Introduction

# Introduction

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## Introduction

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1. Introduction As we have already seen, exponential equations are equations that have the variable in the exponent. Some exponential equations are complex and some are quite simple. In this lesson, we will focus on solving exponential equations of the form b x = c, where b is the base and x is the exponent. 2.1.4: Solving Exponential Equations

2. Key Concepts It may help to look at the laws of exponents. These laws, sometimes referred to as properties, are the rules that must be followed when working with exponents. The following table summarizes these laws. 2.1.4: Solving Exponential Equations

3. Key Concepts, continued Laws of Exponents 2.1.4: Solving Exponential Equations

4. Key Concepts, continued • Keep these laws in mind when solving exponential equations. • There are two forms of exponential equations. One form is used when each side of the equation can be written using the same base, such as ab = ac. In this case, b and c must be equal as long as a > 0 and a ≠ 1. • The second form of exponential equations is used when it isn’t possible to write each side of the equation using the same base. How to solve this type of exponential equation will be covered in a later lesson. 2.1.4: Solving Exponential Equations

5. Key Concepts, continued Follow a few basic guidelines to solve an exponential equation where the bases of both sides of the equation can be written so that they are equal. 2.1.4: Solving Exponential Equations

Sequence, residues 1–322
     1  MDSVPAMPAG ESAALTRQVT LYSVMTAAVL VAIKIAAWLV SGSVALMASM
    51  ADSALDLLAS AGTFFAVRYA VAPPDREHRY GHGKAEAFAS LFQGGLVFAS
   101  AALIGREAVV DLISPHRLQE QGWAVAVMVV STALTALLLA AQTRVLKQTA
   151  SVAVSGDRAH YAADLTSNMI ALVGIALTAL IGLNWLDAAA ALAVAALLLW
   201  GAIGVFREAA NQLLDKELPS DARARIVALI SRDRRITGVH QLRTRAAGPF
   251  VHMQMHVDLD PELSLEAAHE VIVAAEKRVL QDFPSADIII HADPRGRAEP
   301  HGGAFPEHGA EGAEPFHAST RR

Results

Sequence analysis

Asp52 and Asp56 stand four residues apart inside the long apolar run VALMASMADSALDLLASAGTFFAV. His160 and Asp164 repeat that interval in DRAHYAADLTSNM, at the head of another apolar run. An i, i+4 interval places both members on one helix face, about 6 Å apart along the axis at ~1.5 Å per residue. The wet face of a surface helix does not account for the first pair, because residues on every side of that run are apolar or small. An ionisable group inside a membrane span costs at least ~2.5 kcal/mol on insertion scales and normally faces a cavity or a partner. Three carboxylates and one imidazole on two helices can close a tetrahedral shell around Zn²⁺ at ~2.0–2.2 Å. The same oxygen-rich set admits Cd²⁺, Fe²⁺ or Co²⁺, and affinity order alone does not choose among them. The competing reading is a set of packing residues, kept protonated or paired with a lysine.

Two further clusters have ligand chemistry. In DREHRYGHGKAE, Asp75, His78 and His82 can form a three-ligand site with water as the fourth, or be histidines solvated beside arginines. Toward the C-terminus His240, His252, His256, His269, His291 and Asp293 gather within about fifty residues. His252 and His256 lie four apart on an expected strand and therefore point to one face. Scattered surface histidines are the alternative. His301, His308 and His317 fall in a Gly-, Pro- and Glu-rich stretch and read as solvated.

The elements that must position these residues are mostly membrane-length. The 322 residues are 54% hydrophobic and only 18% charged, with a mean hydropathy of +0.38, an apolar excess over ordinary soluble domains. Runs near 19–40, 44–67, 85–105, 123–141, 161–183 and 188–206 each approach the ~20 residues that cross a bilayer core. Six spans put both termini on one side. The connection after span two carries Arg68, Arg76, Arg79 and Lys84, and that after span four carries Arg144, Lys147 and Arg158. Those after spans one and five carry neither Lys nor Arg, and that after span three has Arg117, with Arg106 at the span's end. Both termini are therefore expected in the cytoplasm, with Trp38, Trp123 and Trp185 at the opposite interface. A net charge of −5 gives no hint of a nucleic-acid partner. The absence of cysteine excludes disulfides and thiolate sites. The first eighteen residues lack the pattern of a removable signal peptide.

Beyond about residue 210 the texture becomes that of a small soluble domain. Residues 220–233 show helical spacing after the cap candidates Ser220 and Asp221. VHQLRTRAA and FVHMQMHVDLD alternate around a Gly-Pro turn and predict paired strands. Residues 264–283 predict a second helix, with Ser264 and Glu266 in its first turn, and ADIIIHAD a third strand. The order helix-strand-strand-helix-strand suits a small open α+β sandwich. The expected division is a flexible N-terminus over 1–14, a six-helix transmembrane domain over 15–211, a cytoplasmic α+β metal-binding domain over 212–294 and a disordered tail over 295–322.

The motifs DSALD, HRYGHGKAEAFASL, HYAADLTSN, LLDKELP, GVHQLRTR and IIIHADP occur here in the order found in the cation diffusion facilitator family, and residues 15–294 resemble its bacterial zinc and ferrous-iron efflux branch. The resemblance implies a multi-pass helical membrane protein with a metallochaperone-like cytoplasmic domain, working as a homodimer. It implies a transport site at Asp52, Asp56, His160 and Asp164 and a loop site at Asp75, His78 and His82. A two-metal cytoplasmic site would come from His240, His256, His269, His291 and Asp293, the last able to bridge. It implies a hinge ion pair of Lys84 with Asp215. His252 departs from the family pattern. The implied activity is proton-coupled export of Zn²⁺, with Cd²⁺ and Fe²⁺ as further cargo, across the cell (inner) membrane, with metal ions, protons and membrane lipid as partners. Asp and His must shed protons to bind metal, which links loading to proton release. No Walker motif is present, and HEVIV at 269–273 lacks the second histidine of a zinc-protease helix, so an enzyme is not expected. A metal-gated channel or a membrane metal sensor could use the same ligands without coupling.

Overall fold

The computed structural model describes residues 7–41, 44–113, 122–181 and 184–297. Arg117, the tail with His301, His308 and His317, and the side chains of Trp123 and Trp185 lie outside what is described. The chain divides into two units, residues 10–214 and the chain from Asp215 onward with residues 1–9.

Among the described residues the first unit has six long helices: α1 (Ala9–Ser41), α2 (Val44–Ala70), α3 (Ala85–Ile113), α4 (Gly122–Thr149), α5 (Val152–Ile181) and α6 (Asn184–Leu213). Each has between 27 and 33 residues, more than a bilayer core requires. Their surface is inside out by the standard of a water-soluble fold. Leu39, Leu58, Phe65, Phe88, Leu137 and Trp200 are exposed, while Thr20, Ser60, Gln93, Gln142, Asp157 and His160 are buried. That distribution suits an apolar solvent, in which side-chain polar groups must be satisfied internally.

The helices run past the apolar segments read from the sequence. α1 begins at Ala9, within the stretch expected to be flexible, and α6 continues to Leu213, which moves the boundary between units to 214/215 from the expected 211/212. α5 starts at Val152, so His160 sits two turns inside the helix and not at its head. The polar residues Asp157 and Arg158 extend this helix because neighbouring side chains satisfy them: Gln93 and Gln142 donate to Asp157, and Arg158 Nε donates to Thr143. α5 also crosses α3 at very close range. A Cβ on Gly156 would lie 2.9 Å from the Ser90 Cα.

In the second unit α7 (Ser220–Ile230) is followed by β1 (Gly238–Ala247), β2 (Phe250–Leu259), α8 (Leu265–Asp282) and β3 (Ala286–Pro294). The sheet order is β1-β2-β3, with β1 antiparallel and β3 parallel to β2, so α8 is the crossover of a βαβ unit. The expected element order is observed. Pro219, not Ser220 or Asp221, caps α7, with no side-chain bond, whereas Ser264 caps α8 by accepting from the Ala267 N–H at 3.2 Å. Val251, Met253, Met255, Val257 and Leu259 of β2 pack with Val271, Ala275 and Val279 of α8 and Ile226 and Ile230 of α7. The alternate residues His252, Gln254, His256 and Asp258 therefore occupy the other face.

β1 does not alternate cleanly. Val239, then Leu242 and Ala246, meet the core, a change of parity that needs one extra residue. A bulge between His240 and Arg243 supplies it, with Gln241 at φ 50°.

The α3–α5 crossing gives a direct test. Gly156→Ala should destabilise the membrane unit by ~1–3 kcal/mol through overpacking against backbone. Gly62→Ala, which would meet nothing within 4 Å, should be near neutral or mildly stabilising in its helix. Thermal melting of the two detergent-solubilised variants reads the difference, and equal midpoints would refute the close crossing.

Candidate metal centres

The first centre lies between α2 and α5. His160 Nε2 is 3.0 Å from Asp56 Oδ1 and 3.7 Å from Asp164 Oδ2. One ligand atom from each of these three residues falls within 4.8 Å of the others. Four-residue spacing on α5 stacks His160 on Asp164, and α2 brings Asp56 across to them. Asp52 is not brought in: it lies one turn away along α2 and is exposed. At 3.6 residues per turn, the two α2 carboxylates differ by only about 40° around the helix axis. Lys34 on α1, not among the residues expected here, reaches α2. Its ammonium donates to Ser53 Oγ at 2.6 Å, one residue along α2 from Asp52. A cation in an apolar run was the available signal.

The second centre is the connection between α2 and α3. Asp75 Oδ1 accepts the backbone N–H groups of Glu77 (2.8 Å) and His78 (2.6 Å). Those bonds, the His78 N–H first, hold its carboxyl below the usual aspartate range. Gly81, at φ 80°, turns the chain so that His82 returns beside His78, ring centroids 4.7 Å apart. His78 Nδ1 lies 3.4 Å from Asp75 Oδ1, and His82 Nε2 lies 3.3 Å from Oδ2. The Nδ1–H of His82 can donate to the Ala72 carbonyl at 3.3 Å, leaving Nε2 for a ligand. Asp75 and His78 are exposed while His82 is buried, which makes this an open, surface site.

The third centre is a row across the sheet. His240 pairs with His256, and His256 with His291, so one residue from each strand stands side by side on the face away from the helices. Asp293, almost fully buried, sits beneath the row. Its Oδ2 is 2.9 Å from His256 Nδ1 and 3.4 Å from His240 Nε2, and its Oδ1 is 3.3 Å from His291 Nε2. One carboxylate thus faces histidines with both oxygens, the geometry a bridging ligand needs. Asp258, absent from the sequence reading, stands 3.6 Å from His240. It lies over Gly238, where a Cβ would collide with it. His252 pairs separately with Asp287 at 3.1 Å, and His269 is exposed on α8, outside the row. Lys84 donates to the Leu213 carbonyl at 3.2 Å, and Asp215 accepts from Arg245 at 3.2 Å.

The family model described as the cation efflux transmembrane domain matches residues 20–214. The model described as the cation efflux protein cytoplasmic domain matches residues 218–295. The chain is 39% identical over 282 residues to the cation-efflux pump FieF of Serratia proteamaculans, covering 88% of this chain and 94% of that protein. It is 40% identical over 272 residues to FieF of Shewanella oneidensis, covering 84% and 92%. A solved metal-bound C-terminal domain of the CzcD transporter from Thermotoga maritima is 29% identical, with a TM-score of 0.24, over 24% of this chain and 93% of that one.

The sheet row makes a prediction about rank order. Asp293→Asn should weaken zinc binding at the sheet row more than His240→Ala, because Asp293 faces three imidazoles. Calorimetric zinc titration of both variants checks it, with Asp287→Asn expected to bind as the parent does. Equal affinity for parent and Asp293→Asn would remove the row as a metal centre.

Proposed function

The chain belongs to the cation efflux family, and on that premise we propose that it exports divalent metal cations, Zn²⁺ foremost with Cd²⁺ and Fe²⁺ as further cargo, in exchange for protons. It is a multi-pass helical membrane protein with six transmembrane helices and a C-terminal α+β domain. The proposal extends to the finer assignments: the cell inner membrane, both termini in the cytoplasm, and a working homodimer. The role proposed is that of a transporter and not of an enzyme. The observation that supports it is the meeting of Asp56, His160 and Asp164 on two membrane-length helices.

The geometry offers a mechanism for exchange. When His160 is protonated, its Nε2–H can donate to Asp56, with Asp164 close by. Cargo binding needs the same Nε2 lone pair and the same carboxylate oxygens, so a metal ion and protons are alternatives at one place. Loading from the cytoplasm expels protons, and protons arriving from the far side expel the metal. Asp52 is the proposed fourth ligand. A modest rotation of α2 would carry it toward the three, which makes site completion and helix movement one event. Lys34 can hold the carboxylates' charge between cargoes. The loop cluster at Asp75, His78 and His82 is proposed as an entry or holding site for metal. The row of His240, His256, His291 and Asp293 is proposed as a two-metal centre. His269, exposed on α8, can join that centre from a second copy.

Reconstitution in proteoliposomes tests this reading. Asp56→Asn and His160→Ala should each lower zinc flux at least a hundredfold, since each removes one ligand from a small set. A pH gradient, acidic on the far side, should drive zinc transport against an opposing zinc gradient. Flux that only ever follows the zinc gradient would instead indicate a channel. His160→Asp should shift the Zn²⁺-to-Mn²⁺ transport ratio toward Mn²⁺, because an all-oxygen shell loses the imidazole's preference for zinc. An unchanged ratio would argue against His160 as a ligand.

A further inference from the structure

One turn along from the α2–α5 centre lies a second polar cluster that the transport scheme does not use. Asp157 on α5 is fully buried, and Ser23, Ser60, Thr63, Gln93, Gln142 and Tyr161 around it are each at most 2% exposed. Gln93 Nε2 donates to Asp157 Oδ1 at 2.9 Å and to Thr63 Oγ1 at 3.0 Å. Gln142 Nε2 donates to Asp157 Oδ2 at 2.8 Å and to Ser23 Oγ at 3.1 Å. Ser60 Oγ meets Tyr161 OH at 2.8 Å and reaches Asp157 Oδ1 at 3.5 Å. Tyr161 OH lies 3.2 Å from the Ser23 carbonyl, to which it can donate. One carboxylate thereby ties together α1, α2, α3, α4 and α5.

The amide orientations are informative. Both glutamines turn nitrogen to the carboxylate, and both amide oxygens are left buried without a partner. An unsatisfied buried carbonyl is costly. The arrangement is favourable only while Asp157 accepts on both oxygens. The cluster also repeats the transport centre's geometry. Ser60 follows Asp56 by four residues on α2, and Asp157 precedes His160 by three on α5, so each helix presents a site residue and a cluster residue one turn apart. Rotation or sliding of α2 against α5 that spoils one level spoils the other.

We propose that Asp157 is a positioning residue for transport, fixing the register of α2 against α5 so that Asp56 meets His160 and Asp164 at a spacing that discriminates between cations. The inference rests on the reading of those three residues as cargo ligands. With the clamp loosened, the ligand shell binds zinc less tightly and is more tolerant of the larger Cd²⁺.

6. Common Errors/Misconceptions attempting to solve an exponential equation as if it is a linear equation not finding a common base prior to attempting to solve the equation misidentifying the common base 2.1.4: Solving Exponential Equations

7. Guided Practice Example 1 Solve 4x= 1024. 2.1.4: Solving Exponential Equations

8. Guided Practice: Example 1, continued Rewrite the base as powers of a common base. You may not recognize right away if it is possible to write 1,024 as an exponential expression with a base of 4. Begin by finding values of powers of 4 to see if it is possible. 41 = 4 44 = 256 42 = 16 45= 1024 43= 64 We now know that it is possible to write 1,024 as a power of 4. 2.1.4: Solving Exponential Equations

9. Guided Practice: Example 1, continued Rewrite the equation so that both sides have a base of 4. 4x= 45 2.1.4: Solving Exponential Equations

10. Guided Practice: Example 1, continued Now solve for x by setting the exponents equal to each other. x = 5 The solution to the equation 4x= 1024 is x = 5. 2.1.4: Solving Exponential Equations

11. Guided Practice: Example 1, continued Check your answer. Substitute 5 for the variable x in the original equation. 4x= 1024 45 = 1024 1024 = 1024 This is a true statement. ✔ 2.1.4: Solving Exponential Equations

12. Guided Practice: Example 1, continued 2.1.4: Solving Exponential Equations

13. Guided Practice Example 4 Solve the equation 117 = 5x – 8. 2.1.4: Solving Exponential Equations

14. Guided Practice: Example 4, continued Begin by eliminating the subtraction of 8 from the right side of the equal sign. Do so by adding 8 to both sides of the equation. 2.1.4: Solving Exponential Equations

15. Guided Practice: Example 4, continued Rewrite the base as powers of a common base. 125 can be written as 5 to the power of 3. 2.1.4: Solving Exponential Equations

16. Guided Practice: Example 4, continued Rewrite the equation so both sides have a base of 5. 125 = 5x 53 = 5x 2.1.4: Solving Exponential Equations

17. Guided Practice: Example 4, continued Now solve for x by setting the exponents equal to each other. x = 3 The solution to the equation 117 = 5x – 8 is x = 3. 2.1.4: Solving Exponential Equations

18. Guided Practice: Example 4, continued Check your answer. Substitute 3 for the variable x in the original equation. 117 = 5x – 8 117 = 53 – 8 117 = 125 – 8 117 = 117   This is a truestatement. ✔ 2.1.4: Solving Exponential Equations

19. Guided Practice: Example 4, continued 2.1.4: Solving Exponential Equations